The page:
The C.A.M. Report
Complementary and Alternative Medicine: Fair, Balanced, and to the Point
  • About this web log

    This blog ran from 2006 to 2016 and was intended as an objective and dispassionate source of information on the latest CAM research. Since my background is in pharmacy and allopathic medicine, I view all CAM as advancing through the development pipeline to eventually become integrated into mainstream medical practice. Some will succeed while others fail. But all are treated fairly here.

  • About the author

    John Russo, Jr., PharmD, is president of The MedCom Resource, Inc. Previously, he was senior vice president of medical communications at, a complementary and alternative medicine website.

  • Common sense considerations

    The material on this weblog is for informational purposes. It is not medical advice or counsel. Be smart, consult your health professional before using CAM.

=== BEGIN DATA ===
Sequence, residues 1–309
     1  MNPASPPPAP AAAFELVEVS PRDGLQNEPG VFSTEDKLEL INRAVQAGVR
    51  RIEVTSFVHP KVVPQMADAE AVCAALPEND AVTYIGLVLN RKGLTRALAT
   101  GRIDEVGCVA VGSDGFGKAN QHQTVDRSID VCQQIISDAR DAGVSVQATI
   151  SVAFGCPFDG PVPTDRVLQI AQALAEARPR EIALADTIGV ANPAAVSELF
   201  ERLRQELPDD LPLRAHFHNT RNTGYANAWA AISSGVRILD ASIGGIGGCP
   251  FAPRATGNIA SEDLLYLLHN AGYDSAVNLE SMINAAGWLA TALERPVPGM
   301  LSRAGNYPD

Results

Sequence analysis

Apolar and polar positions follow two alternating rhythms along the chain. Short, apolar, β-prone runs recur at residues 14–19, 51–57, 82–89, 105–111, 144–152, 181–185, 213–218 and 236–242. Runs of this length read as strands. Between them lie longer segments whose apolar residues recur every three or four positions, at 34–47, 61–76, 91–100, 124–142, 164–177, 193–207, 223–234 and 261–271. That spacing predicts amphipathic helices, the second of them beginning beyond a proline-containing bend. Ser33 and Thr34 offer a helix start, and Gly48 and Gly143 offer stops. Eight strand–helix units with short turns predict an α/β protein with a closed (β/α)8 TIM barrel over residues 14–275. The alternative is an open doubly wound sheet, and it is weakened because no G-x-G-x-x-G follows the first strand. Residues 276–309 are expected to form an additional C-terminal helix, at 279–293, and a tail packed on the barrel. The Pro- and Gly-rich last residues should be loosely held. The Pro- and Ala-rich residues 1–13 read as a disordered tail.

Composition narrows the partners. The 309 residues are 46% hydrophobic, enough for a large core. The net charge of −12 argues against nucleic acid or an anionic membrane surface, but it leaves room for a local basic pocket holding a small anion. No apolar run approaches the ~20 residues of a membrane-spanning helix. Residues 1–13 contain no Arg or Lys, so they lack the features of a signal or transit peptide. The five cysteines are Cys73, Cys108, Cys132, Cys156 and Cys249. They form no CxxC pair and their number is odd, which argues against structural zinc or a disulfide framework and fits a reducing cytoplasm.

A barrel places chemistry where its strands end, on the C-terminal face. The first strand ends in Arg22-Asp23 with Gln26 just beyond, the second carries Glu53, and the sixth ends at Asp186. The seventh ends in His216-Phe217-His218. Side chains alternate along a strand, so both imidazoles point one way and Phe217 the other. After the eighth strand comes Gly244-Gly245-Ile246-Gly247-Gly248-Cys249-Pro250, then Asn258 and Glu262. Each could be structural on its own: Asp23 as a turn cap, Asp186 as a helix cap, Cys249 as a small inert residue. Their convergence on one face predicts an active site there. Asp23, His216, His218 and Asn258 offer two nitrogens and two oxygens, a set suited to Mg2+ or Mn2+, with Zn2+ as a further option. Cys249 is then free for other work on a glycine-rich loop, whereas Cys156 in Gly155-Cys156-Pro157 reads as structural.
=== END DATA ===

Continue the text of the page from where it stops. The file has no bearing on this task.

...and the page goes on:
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    Hydrotherapy + endurance training in elderly patients with heart failure

    beating heartResearchers at IRCCS San Raffaele Roma, in Italy report the combination is better than endurance training alone.

    First, the details.

    • 21 older men with congestive heart failure were randomly assigned to a treatment group.
      • Endurance training only 3 times per week
      • Combined training: hydrotherapy (training in warm water) + endurance training
    • After 24weeks all patients underwent a series of tests.

    And, the results.

    • Exercise was well tolerated.
    • The combined treatment group did significantly better at the 6-minute walking test.
    • Diastolic blood pressure and heart rate significantly decreased with combined treatment, but remained unchanged with exercise only.

    The bottom line?
    The authors concluded there are benefits to adding hydrotherapy to endurance training in patients with chronic heart failure.

    In an earlier study, researchers from Sweden also reported that hydrotherapy in heart failure patients was associated with some benefits in terms of heart pumping action, and no harm was done to the heart.

    However, there was no evidence that these weak hearts grew stronger and more efficient.

    11/28/09 19:30 JR

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